Running in unseasonably warm conditions, Kenya’s Marius Kimutai and Meskerem Assefa of Ethiopia were the winners at the NN Rotterdam Marathon, an IAAF Gold Label Road Race, on Sunday (9).
Kimutai won the men’s title in 2:06:04 while Assefa improved her personal best by almost a minute with her winning time of 2:24:17.
In the men’s race, three pacemakers lead the way for a group of 14 runners who were targeting performances in 2:05 territory. The first passage of the Erasmus Bridge was rather fast, with the initial five-kilometre stretch covered in 14:39. At that point race organisers asked the pacemakers to slow their tempo. That resulted in a split of 29:35 at ten kilometres and 44:41 after 15, which still kept the target times in view.
The pre-race plan called for 1:03 at 21 kilometres, a target that was missed by just nine seconds after the 20-kilometre point was reached in 59:20.
While the race unfolded according to schedule, the pace was still too much for Paul Koech, one of history’s fastest 3000m steeplechase specialists, who was making his marathon debut. Before the second passage across the Erasmus Bridge, he lost contact with the leaders and eventually finished 15th clocking 2:12:02.
The intermediate time at 25 kilometres was 1:14:56, with the pace-making trio of Geoffrey Kipyego, Edwin Kiptoo and Mike Kiprotich guiding the field. The latter was the first to drop while the former two took the leaders through 30 kilometres in 1:29:51.
Laban Korir was the first to make a move, pushing the pace to reach 35 kilometres in 1:44:54. A few kilometres later there were only three runners left in this first group: Korir, Lawrence Cherono and Kimutai.
Just before the 40th kilometre, Kimutai injected a 2:55 kilometre split to make his break. Carving out a quick gap, the move proved decisive.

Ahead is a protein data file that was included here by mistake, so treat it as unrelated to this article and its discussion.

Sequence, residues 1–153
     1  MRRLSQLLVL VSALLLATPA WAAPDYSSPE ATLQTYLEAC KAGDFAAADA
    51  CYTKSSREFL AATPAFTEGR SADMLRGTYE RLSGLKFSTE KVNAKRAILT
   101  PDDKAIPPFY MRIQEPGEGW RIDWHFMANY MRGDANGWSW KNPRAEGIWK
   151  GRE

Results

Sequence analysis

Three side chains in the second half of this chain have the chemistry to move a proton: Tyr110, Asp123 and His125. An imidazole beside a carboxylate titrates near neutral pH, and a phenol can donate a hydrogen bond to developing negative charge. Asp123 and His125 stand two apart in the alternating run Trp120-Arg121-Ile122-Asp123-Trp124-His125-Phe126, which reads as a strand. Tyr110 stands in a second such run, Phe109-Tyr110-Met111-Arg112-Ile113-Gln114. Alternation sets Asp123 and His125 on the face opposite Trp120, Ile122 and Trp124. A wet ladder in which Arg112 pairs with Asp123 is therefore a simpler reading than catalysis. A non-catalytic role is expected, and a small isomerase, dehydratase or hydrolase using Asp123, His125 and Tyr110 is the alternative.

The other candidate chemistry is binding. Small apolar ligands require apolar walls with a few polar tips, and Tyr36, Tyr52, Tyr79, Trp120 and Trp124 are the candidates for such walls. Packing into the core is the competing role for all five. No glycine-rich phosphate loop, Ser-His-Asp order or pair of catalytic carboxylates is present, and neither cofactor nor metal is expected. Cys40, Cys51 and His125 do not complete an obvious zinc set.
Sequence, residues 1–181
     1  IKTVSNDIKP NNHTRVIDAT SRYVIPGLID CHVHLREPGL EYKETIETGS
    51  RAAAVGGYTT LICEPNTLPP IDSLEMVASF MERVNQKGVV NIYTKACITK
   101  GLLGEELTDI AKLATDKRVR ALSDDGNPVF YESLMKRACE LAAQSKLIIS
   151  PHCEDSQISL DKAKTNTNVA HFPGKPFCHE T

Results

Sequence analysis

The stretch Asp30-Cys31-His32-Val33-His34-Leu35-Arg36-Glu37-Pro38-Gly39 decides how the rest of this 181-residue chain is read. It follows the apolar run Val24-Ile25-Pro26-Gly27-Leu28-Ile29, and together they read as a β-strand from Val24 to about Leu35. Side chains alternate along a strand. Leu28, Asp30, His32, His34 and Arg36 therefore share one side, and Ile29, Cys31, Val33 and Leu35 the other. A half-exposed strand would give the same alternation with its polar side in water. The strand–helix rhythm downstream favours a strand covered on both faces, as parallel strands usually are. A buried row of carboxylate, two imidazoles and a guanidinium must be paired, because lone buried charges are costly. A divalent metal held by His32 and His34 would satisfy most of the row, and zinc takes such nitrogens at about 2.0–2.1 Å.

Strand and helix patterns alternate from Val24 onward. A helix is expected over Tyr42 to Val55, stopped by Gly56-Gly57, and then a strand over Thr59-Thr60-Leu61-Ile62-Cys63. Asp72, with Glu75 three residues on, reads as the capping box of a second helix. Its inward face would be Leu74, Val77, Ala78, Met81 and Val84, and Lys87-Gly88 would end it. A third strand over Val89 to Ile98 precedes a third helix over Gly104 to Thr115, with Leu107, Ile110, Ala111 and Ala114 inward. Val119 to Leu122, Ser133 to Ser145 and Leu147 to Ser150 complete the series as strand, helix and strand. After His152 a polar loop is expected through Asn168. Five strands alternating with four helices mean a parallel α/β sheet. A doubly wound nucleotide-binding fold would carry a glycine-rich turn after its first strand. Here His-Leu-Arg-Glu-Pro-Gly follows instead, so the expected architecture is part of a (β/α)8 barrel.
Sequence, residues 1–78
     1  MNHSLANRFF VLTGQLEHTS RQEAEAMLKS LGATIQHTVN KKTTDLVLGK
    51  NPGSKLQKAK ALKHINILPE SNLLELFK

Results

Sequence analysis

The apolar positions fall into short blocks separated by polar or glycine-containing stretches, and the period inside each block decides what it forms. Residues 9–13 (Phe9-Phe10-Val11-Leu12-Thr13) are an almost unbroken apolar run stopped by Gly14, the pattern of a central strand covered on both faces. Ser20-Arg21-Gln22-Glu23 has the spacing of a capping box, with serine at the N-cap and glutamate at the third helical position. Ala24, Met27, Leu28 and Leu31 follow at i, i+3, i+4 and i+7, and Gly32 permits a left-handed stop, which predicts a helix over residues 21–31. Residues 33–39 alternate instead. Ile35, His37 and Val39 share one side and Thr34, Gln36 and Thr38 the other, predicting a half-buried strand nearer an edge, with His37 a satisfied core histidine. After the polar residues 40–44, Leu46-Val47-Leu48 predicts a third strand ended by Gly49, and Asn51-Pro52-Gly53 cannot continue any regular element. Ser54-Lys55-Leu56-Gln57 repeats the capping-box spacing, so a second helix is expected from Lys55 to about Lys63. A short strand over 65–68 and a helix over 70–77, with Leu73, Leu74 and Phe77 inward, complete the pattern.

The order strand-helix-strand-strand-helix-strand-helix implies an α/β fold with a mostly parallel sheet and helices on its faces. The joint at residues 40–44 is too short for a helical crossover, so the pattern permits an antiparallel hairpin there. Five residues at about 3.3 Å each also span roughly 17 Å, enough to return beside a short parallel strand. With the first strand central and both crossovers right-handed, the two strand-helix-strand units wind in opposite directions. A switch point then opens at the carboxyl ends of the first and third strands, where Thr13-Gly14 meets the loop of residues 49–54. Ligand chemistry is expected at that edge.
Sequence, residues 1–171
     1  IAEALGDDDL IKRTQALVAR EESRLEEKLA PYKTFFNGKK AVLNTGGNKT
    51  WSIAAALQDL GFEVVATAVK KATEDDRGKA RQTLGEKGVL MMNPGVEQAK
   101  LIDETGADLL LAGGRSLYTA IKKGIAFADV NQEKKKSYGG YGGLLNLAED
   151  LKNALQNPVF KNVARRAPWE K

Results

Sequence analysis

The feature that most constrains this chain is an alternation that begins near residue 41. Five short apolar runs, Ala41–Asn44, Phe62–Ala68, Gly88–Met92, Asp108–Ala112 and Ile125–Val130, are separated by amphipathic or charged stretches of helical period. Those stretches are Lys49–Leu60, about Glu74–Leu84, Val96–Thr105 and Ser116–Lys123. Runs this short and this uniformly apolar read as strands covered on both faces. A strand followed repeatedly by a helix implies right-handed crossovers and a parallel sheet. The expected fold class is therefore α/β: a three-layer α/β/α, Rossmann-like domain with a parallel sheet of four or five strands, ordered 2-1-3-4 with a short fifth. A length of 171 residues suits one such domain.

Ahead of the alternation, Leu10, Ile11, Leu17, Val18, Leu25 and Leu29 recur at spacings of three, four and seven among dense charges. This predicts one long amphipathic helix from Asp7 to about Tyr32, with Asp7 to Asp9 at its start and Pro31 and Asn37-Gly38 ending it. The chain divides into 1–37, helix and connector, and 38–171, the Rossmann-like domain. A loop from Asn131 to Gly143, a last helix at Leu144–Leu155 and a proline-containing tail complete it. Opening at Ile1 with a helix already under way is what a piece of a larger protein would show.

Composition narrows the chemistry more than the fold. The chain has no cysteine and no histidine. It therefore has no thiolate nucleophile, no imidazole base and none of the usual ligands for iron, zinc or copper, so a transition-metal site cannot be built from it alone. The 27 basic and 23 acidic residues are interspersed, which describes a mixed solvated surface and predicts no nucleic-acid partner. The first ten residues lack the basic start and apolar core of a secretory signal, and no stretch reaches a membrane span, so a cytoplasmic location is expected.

“I’m very happy with this performance,” Kimutai said. “Winning here makes it a big day for me. The race was good. Looking back I must only admit that I started pushing a bit too late to run under 2:06.”
Cherono was second in 2:06:21 and Korir third in 2:06:25.
Kimutai has a PB of 2:05:47 which he set in Amsterdam in October last year, when he finished third. In previous years he won marathons in Danzhou and Rennes.
For Cherono his time in Rotterdam was a hefty improvement on his previous best of 2:07:24, set when winning the Prague Marathon last year.
Last year Korir finished fourth in Amsterdam in 2:05:54, a time he couldn’t improve in today’s warm and sunny Rotterdam run.
Dutchman Abdi Nageeye finished ninth in 2:09:34, the fastest time by a Dutch athlete on this course. “I did hope to run a bit faster, but I’m glad with my new PB,” said the 28-year-old, who arrived with a 2:10:24 best. “Unfortunately it was a bit too hot and I was on my own during the last part of the race.”
Patience pays for Assefa
In the women’s race a group of six passed five kilometres in 17:06 and 10 in 33:56, an early pace that proved too much for debutante Hellen Chepkorir, who faded and eventually finished seventh in 2:35:55.
By 15 kilometres (50:47) there were just four women left at the front: Lucy Karimi, Eunice Chumba, Jane Jelegat Seurey and Assefa. The quartet reached the midway point in 1:11:35 and were still together at 30 kilometres where the clock read 1:42:11.
Seuray was next to give in, dropping back with after 30 kilometres, and eventually finished fourth in 2:26:29. The remaining three reached 35 kilometres in 1:59:36. The final move didn’t come until the final 500 metres on the Coolsinger where Assefa broke away from Chumba en route to her 2:24:18 performance.
Assefa, a former middle distance runner, who won this year’s Houston Marathon, arrived in Rotterdam with a 2:25:12 lifetime best set in Chicago in 2015.
“I’m very happy with this time,” she said. “It gives me the confidence that I can run 2:22 in the future.”
Chumba was second in 2:24:27, also a personal best. She finished third in Amsterdam last year with her former PB of 2:25:00. Karimi was third clocking 2:25:17.
With a temperature of 12C at the start and almost no wind conditions in Rotterdam were warm. The “real feel” reading at the finish was around 18C. But the humidity of 65 to 70 percent was almost perfect.
Cors van den Brink for the IAAF